Multidisciplinary Management of Hepatocellular Carcinoma

Department of Medicine, University of California San Francisco, San Francisco, California, USA.
Clinical gastroenterology and hepatology: the official clinical practice journal of the American Gastroenterological Association (Impact Factor: 6.53). 11/2011; 10(4):354-62. DOI: 10.1016/j.cgh.2011.11.008
Source: PubMed

ABSTRACT Hepatocellular carcinoma is a leading cause of death in patients with cirrhosis. Management algorithms continually are increasing in sophistication and involve application of single and multimodality treatments, including liver transplantation, hepatic resection, ablation, transarterial chemoembolization, radioembolization, and systemic chemotherapy. These treatments have been shown to increase survival times. As many as 75% of patients with limited-stage disease who are given curative therapies survive 5 years, whereas less than 20% of untreated patients survive 1 year. Treatment can be optimized based on the patient's tumor stage, hepatic reserve, and functional status. However, because of the heterogeneity in presentation among patients, a multidisciplinary approach is required to treat hepatocellular carcinoma, involving hepatologists, surgeons, interventional radiologists, and oncologists. We present each specialist's viewpoint on controversies and advances in the management of hepatocellular carcinoma.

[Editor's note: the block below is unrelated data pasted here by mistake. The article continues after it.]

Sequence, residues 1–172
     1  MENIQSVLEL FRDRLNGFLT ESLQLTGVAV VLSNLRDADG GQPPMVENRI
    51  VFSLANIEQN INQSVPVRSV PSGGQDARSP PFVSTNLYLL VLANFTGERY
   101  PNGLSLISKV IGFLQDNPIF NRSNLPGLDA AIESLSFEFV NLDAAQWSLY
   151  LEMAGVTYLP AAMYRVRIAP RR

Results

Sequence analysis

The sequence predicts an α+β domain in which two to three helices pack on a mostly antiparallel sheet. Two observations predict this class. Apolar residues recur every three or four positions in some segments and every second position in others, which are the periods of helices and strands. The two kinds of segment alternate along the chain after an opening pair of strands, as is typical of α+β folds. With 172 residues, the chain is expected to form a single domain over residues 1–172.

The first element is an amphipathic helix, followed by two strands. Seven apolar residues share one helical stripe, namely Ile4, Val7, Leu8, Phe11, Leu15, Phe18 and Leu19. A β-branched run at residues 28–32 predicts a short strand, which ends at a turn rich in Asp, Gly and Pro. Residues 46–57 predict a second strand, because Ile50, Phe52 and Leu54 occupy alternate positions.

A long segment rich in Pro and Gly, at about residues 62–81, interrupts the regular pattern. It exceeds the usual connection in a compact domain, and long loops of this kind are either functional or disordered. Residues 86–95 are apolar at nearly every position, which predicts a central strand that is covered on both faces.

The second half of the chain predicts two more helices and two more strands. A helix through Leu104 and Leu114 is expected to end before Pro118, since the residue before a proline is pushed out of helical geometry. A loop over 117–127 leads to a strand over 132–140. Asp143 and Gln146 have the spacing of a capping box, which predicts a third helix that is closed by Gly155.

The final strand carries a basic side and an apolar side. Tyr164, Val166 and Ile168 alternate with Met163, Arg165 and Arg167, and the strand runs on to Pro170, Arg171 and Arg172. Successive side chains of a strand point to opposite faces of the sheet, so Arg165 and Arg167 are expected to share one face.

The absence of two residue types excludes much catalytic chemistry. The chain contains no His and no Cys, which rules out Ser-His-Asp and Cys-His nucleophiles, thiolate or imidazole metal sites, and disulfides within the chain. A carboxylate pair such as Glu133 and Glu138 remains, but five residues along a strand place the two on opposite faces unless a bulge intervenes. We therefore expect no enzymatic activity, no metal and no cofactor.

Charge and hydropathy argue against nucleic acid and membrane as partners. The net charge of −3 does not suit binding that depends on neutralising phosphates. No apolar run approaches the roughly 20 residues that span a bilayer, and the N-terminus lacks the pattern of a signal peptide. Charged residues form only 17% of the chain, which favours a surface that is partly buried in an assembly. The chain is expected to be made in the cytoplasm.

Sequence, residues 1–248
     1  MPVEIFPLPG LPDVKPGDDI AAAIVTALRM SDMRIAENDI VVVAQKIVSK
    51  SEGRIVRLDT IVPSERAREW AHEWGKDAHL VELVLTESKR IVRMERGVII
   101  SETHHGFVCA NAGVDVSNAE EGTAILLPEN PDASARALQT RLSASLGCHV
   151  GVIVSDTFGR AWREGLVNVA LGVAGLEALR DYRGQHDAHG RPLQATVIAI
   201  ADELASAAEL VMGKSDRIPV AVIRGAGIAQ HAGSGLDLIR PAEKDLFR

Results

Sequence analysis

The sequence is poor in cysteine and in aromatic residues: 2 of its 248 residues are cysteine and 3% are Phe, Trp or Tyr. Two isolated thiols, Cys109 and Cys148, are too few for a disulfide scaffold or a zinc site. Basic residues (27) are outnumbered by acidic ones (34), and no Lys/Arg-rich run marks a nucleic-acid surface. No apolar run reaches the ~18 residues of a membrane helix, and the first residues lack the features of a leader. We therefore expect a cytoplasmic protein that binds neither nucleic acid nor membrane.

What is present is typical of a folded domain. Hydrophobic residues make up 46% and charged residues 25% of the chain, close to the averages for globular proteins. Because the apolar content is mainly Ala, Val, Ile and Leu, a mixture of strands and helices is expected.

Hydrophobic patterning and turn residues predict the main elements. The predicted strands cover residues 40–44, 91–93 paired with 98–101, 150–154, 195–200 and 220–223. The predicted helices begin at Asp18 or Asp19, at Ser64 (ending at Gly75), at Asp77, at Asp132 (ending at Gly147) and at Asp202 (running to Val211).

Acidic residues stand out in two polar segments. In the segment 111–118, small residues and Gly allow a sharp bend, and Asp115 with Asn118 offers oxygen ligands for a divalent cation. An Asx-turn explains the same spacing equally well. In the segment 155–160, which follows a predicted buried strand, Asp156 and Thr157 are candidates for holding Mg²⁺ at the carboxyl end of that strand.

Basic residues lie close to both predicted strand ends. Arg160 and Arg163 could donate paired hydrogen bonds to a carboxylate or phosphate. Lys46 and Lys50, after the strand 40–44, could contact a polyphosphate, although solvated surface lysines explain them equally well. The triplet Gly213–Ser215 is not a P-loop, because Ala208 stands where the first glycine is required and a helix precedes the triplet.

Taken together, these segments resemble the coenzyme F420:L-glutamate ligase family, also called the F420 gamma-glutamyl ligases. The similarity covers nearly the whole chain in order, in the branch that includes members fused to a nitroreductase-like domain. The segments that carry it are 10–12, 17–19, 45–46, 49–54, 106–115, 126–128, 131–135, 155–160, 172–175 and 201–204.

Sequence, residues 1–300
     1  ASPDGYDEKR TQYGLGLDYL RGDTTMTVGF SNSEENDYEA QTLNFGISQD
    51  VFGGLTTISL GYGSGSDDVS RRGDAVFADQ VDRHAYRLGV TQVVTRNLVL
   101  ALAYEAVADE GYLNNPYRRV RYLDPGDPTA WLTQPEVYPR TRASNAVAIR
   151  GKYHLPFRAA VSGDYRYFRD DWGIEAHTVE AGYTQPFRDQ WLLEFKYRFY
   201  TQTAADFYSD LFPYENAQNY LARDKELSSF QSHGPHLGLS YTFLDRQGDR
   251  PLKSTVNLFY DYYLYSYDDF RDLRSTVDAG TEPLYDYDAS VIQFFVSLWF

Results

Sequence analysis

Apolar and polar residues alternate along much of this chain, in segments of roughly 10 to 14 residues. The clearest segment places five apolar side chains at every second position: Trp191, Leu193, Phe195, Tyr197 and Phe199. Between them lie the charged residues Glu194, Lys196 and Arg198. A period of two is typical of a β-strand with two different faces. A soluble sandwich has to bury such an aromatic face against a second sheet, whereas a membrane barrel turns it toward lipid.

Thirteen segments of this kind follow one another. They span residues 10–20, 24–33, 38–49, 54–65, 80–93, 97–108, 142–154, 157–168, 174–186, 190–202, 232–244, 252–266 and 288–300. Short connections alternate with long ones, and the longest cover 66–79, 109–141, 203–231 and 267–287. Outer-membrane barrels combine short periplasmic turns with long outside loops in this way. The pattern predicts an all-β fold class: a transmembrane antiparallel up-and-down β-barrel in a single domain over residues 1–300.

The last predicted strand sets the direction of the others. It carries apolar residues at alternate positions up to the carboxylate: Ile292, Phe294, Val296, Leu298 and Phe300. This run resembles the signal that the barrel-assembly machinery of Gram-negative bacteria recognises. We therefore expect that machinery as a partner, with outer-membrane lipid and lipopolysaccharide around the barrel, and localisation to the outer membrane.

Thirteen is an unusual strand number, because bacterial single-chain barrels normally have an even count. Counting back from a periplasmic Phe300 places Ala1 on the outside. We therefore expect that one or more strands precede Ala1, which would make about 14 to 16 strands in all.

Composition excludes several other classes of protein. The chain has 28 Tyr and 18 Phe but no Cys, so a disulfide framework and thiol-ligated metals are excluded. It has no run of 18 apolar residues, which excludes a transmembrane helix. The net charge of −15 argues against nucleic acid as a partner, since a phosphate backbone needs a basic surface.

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Available from: Robin K Kelley, Apr 20, 2015